Chestnuts are the only nut that contains vitamin C—how about 24.7 mg along with some trace minerals like iron, zinc, and copper, all essential for good health.

Now, let’s get down to some serious cooking. If you’re one who adores cooking and spends a bit of time at it, you probably keep a few things on hand that work into great leftovers. I like to keep cooked grains like pearl barley or short-grain brown rice in the fridge for those spontaneous moments when I feel like composing something unique.

These sweet little patties make a great side dish and can even be the centerpiece of the meal. Serve them with a hearty tossed salad, a steamed vegetable, and a bean dish and you’ve got a fabulously satisfying meal. In keeping with the low fat content of the chestnuts, I’ve also kept the recipe low fat by water sautéing the veggies rather than cooking them the traditional way in oil or some other fat. It didn’t hurt the flavor of the patties one bit—these little babies are very flavorful and retain the natural sweetness of the chestnuts.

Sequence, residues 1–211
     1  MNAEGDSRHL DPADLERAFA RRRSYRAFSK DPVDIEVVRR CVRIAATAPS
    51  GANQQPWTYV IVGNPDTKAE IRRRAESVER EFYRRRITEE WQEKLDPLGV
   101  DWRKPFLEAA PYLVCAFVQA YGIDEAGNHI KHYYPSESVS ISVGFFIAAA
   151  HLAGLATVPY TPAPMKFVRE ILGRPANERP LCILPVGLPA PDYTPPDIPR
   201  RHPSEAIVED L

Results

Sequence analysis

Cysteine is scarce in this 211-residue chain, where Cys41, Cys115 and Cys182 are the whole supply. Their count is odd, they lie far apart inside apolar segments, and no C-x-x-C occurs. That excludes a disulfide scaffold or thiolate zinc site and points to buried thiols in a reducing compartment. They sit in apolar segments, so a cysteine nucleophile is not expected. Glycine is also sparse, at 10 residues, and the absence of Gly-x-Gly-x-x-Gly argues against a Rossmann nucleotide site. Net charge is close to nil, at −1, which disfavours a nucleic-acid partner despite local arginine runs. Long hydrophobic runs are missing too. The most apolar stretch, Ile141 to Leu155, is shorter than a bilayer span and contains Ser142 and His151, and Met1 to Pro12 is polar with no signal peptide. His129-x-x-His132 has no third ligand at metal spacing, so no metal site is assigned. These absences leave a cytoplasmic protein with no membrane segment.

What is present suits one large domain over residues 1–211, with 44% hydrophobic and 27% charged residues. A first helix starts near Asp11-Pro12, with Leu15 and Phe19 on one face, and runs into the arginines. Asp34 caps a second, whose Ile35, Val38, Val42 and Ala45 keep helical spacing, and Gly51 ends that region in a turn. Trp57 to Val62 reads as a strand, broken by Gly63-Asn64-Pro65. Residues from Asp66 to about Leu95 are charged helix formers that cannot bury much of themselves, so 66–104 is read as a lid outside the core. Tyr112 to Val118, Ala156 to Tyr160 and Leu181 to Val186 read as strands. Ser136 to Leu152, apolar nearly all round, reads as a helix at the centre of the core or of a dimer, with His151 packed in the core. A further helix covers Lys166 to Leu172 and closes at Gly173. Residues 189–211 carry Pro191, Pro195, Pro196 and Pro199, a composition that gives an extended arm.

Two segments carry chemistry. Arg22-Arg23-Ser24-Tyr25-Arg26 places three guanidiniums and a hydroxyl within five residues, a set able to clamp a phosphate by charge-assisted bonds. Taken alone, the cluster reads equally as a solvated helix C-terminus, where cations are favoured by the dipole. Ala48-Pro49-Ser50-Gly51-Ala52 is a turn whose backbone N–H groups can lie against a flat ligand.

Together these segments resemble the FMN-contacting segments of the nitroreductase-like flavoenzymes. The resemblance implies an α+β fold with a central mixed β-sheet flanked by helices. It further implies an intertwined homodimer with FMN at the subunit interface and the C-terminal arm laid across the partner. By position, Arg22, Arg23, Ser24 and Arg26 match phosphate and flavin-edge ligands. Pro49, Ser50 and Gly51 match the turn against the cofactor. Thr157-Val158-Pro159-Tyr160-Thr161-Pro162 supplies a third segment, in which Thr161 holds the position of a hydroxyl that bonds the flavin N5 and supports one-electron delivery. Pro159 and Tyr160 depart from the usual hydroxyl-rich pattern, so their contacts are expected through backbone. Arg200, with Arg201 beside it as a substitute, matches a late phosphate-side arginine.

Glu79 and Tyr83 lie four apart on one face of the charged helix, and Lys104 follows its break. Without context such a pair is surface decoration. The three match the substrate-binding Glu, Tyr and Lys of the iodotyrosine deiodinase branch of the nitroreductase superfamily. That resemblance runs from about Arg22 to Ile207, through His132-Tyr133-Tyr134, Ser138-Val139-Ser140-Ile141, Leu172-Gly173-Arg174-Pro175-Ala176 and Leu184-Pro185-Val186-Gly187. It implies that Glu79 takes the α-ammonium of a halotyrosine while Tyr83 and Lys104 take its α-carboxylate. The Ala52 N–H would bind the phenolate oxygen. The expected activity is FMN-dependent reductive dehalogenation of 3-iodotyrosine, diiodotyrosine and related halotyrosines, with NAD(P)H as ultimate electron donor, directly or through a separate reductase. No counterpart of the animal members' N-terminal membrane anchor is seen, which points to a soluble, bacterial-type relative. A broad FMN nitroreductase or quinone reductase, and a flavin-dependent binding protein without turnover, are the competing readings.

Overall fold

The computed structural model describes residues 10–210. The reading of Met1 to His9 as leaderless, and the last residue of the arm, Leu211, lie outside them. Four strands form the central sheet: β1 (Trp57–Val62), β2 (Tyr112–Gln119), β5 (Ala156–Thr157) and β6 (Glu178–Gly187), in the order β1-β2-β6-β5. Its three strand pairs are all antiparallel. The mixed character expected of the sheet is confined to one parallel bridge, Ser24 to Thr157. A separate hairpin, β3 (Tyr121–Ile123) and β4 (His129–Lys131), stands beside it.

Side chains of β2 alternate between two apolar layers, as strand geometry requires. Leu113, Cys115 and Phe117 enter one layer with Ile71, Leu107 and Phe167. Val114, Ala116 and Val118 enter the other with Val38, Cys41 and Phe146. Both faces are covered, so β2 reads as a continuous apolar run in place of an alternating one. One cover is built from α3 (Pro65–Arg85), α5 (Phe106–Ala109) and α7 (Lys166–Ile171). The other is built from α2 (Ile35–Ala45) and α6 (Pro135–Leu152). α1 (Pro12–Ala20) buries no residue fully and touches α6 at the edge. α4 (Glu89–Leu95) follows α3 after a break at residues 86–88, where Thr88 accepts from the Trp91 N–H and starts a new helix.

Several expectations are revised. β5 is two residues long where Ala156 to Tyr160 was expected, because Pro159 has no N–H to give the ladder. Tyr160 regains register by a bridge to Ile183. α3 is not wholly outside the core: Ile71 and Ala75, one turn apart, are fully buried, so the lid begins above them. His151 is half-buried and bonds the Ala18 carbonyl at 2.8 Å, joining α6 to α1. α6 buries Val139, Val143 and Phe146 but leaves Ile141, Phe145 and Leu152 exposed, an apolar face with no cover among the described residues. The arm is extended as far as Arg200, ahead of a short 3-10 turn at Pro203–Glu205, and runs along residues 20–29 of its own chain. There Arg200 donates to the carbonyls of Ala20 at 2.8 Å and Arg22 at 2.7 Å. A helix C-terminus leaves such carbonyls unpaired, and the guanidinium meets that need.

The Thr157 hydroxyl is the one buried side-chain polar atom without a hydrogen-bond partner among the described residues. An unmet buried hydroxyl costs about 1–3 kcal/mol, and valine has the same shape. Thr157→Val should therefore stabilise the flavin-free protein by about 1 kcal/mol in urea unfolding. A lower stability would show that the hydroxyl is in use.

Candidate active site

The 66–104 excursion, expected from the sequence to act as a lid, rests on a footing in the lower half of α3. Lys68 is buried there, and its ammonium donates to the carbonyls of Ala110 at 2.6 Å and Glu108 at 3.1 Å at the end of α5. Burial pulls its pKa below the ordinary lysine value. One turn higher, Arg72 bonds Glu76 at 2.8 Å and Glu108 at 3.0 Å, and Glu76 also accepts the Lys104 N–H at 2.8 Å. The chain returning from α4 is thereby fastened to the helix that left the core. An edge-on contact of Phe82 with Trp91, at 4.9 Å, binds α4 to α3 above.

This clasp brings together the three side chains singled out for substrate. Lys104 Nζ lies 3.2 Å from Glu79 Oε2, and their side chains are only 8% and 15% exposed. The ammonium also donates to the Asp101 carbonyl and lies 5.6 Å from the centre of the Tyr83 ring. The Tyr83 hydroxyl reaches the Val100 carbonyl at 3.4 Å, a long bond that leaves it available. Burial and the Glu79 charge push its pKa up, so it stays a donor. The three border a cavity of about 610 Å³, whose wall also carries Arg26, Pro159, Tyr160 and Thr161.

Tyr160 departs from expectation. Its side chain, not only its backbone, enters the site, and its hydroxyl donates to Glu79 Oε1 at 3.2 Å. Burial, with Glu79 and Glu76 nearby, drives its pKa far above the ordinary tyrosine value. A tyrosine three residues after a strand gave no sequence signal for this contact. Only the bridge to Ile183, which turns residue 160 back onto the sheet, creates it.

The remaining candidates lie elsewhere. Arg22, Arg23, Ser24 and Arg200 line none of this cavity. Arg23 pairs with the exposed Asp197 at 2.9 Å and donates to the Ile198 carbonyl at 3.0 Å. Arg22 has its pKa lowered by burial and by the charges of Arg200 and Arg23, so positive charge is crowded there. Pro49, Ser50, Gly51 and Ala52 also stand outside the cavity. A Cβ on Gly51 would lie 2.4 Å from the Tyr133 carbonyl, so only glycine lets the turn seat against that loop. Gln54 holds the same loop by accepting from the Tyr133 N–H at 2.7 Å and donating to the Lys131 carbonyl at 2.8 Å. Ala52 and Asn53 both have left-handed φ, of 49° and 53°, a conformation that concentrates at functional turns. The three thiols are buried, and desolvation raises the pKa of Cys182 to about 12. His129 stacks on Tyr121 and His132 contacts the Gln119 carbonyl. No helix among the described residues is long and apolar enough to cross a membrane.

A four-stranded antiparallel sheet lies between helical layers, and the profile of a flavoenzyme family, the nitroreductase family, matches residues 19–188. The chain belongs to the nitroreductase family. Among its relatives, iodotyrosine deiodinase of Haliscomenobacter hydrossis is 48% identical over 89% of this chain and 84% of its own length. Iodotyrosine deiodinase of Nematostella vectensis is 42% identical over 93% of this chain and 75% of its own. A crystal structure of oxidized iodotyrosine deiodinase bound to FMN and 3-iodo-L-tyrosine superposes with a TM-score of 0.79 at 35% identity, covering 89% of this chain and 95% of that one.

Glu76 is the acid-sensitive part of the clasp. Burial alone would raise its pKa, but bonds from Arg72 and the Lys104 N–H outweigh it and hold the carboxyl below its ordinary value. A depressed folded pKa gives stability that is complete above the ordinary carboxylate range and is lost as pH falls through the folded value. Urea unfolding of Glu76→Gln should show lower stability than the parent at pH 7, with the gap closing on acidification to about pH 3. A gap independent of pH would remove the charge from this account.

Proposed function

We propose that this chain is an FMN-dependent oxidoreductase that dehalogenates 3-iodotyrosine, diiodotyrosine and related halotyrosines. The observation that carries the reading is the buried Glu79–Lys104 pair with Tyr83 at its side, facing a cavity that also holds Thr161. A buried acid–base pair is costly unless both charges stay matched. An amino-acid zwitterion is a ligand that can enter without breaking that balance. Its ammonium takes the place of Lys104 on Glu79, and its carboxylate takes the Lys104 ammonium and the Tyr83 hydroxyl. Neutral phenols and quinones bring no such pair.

chestnutpatties

CHESTNUT PATTIES WITH VEGGIE CONFETTI

Yield: 12 patties

1 large carrot, cut into 1/4-inch dice
1 red bell pepper, diced
1 medium onion, diced

7 ounces firm tofu, rinsed and drained
1 cup coarsely chopped cooked and peeled chestnuts
3/4 teaspoon salt
1/4 teaspoon black pepper
1/4 teaspoon ground cinnamon
Pinch cayenne

1 cup cooked pearl barley or short-grain brown rice